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I'm sorry, if a newspaper can deliver today's paper with today's date then a magazine should be able to deliver this month's issue with this month's date on it... and just think, that all the confusion (you mentioned in your first post) with what issue you are working on would be reduced by, well, one or two months! :)




I was gonna stay out of this, but....

I once was a technical writer until I found honest work. There's a HUGE difference between 'small' hobby magazines like GR and daily newspapers and big-circulation rags like Newsweek. (Though I hear Newsweek is laying off. Something about falling cirulation due to partisan news coverage, or somesuch). Mostly it is staffing. Or, more accurately, the number of staffers (bodies) to get the magazine out. Newsweek has no sweat: they can hire the pick of the yearly journalism crop for mailboys. I don't think MH has that option, over at GR.

Personally, I've never minded slipped delivery dates on 'niche' mags. I think if truth were told, many of 'em are a labor of love on the part of the editor & helpers--both of 'em. I doubt GR has their own printer, I bet they have to get in line at some job printer's to get their magazine out. Perhaps not, with the new technology.

I also can't understand why--besides the anticipation of getting the next month's issue--a hobbyist would be upset if his issue slipped in its printing date. To me, a late issue with excellent content is better than spot-on delivery with mediocre articles.

Another thing I've noticed is the lack of pulp mags, as used to exist in the 60s and 70s. Now, all are 'slicks', even the quarterly ones. That costs more, you realize. I've enjoyed reading my auction-buy of 70's era NMRA Bulletins, pulps every one, but full of good info. (Of course, a few typos, the occasional picture printed backwards, minor stuff I'd gladly put up with to save money and thus be able to buy more of them on different subjects). I don't recall ever seeing a typo in a GR, and I long ago developed the eye for that. I wrote before word processors.

It's human nature to complain. After all, it's free.

Les
 

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Allen,

I didn't write that. It was a 'quote' response to which I replied in essentially the same vein as your post to mine. This board's sofware glitched, somehow. (It had to be, I'm not smart enough to use a computer. So it wasn't me.)

I'm not sure why the cover date is a big deal either.

I believe if you'll go back and look at the post again, you'll see the point I was trying to make. Below the quote.

Les
 

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Allan,

No apologies necessary.

I do wish the lower-circulation mags, at least, would offer online service. I'd be willing to pay--but not at the 'paper rates'. Say, 33% of the present circulation rate, just off the top of my head. Then, for any article I wished to download, I would pay a fee, perhaps in the range of $2-4, less for advertisements. Much less. But there is the occasional adv I'd copy.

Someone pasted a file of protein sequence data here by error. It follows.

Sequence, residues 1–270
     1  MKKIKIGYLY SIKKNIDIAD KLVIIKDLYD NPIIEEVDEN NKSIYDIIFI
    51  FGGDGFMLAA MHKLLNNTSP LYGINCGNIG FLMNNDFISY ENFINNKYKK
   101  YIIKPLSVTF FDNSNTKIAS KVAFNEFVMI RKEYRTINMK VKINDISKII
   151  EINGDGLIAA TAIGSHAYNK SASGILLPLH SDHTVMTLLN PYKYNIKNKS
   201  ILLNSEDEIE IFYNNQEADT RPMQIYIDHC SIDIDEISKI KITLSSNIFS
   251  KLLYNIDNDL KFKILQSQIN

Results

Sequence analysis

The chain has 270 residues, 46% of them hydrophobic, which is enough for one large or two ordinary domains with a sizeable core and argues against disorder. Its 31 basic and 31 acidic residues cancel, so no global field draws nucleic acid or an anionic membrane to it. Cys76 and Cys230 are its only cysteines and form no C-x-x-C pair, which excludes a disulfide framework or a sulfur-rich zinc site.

Lest those rates seem ruinous to a publisher, look at it from a subscriber's postition: I pay monthly to access a site. To download an article, I pay again. I have to have a color printer, and that printer needs cartridges and paper. Or, I have to have lots of memory available. (But that solves a filing & physical storage problem). I have to have at least DSL. And for all this investment, I want subscription/downloading rates that are appreciably lower than snailmail in the aggregate, even if I elect to download every article in the issue. As an aside, an editor could get his finger on the pulse of what's hot and what's not in realtime, and perhaps chart his path differently.

I'm not sympathetic with the non-computer owners. This is the 21st century. I recognize that a publisher must take into account the percentage of computer usage in his targeted audience. If it is low, then paper is likely the way to go.

But suppose someone wanted to publish online oh, say "Traction Topics". To get it, you have the equipment, or you don't. You pay a reasonable sum, or you don't. I think a mag like that could be done at a profit. I call it a 'slice of the niche' pub. That's where the Web has a great advantage that I don't see being realized.

If I wanted, I could copy pictures off this site (and occasionally I do, always giving the owner notice I've done so lest he object. Never had an objection yet). While I haven't tried, I suspect I could copy posts. Thus, right here, for free (subscription) is a 'subscriber-written' form of magazine. That's why I'm unconvinced publishers really want online pubs. First, I think they're stuck in an economic net, second, I don't think they're flexible enough. Third, I think they're reluctant to change.

Those are my thoughts. The single biggest hardware bottleneck at present is the lack of a good 'reader'. Holding the monitor above my chest while I lie in bed is tiresome at my age.

One thing about an online magazine, there'd be no b*tching about late delivery!


Les
 
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